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Treatment of Diabetes with Metformin and Insulin



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Am Fam Physician. 2000 Feb 15;61(4):1119.

Type 2 diabetes (formerly known as non–insulin-dependent diabetes) is more common among persons who are obese. Dietary modification and weight loss improve glycemic control in these patients. However, the addition of pharmacologic therapy is often needed to obtain tight glycemic control. Because sulfonylureas have a high rate of failure, the use of other oral agents or insulin is often necessary. Overweight patients who are insulin resistant often require high dosages of insulin. These high dosages can cause weight gain, making glycemic control more difficult. Avilés-Santa and associates performed a randomized, double-blind, placebo-controlled trial to evaluate the efficacy of combining metformin with insulin in the treatment of patients with poorly controlled type 2 diabetes.

Metformin decreases hepatic glucose output and improves peripheral insulin sensitivity, which results in improved glycemic control in patients with type 2 diabetes. With the use of metformin, blood lipid abnormalities, particularly hypertriglyceridemia, improve, and weight loss is often reported. These beneficial effects make the combination of metformin and insulin an attractive treatment that allows patients to avoid weight gain while achieving glycemic control.

For inclusion in the trial, patients must have been treated with at least 50 units of insulin per day for at least two years and have a hemoglobin A1c level of 8 percent or higher at the time of enrollment. Patients with a serum creatinine concentration greater than 1.5 mg per dL (130 mmol per L), elevated hepatic enzyme levels or renal disease were excluded from the study. Forty-three patients were randomized to receive metformin or placebo in addition to their current insulin therapy (at least two doses per day) and were followed for 24 weeks. Metformin was started at a dosage of 500 mg per day and increased gradually over eight weeks to the maximum dosage of 2,500 mg per day. The dosages of insulin were modified throughout the study to achieve better glycemic control.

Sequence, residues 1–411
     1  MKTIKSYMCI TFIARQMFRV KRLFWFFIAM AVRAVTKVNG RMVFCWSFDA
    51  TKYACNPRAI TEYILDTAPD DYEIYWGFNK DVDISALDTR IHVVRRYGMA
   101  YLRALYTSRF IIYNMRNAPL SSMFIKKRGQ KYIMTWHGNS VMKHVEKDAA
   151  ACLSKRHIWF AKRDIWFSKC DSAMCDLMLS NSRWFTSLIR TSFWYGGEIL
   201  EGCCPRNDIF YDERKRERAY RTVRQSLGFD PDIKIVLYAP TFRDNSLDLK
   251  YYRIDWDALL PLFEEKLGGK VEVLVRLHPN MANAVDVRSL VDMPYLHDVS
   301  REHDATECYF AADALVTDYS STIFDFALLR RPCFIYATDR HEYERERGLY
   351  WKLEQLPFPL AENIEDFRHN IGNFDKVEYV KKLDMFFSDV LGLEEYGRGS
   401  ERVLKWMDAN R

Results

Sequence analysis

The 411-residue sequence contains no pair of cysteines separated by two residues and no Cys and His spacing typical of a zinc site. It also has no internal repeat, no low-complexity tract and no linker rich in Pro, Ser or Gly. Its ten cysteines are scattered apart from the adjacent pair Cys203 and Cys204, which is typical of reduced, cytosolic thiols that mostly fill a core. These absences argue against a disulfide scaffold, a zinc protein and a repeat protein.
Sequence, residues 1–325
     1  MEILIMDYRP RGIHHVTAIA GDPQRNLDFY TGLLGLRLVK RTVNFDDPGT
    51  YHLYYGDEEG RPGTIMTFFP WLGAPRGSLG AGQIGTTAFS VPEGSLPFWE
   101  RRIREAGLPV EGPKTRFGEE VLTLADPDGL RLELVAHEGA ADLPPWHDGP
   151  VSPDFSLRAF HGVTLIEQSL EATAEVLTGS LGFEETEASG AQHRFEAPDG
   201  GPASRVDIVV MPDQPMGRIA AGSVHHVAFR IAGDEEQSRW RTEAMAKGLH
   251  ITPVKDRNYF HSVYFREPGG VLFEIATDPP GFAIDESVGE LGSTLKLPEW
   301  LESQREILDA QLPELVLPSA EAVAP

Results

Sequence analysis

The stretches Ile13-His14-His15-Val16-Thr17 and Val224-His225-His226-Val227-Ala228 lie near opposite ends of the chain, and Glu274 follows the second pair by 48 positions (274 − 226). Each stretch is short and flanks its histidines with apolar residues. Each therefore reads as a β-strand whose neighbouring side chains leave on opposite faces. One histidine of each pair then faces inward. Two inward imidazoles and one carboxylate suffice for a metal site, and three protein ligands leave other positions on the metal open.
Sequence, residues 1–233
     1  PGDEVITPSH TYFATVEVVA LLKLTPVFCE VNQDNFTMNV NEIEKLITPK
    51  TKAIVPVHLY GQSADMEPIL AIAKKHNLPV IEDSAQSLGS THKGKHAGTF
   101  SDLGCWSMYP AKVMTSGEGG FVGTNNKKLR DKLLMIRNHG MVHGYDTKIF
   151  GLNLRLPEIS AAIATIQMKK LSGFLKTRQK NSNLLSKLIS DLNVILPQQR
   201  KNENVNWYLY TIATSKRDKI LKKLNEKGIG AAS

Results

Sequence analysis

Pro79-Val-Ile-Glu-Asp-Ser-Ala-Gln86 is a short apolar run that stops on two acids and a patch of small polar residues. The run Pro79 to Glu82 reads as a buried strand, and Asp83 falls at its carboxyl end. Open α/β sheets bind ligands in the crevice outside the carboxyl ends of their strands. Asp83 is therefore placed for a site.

While glycemic control improved in both groups, the hemoglobin A1c levels were 10 percent lower in the metformin group than in the placebo group. Patients in the placebo group had a significant increase in daily insulin dosages and a 3.2 kg (7 lb, 6 oz) increase in average body weight compared with those in the metformin group, who had no increase in daily insulin requirements and a 0.5 kg (1 lb, 2 oz) increase in average body weight. Side effects of metformin versus placebo are listed in the accompanying table.

Incidence of Adverse Effects

Side effect Metformin group* Placebo group†

Nausea

7

4

Abdominal pain

1

0

Diarrhea

9

4

Hypoglycemia

3

3

Hunger

1

1

Bloating

1

1

Anorexia

1

0


*—N = 21 patients.

†— N = 22 patients.

Reprinted with permission from Avilés-Santa L, Sinding J, Raskin P. Effects of metformin in patients with poorly controlled, insulin-treated type 2 diabetes mellitus. Ann Intern Med 1999;131:182–8.

Incidence of Adverse Effects

View Table

Incidence of Adverse Effects

Side effect Metformin group* Placebo group†

Nausea

7

4

Abdominal pain

1

0

Diarrhea

9

4

Hypoglycemia

3

3

Hunger

1

1

Bloating

1

1

Anorexia

1

0


*—N = 21 patients.

†— N = 22 patients.

Reprinted with permission from Avilés-Santa L, Sinding J, Raskin P. Effects of metformin in patients with poorly controlled, insulin-treated type 2 diabetes mellitus. Ann Intern Med 1999;131:182–8.

The authors conclude that adding metformin to an intensified insulin regimen results in a reduction of hemoglobin A1c level that is 11 percent lower than that achieved with insulin therapy alone, with less total insulin used, a less complicated insulin regimen and no increase in the incidence of hypoglycemia or weight gain.

Avilés-Santa L, et al. Effects of metformin in patients with poorly controlled, insulin-treated type 2 diabetes mellitus. Ann Intern Med. August 3, 1999;131:182–8.



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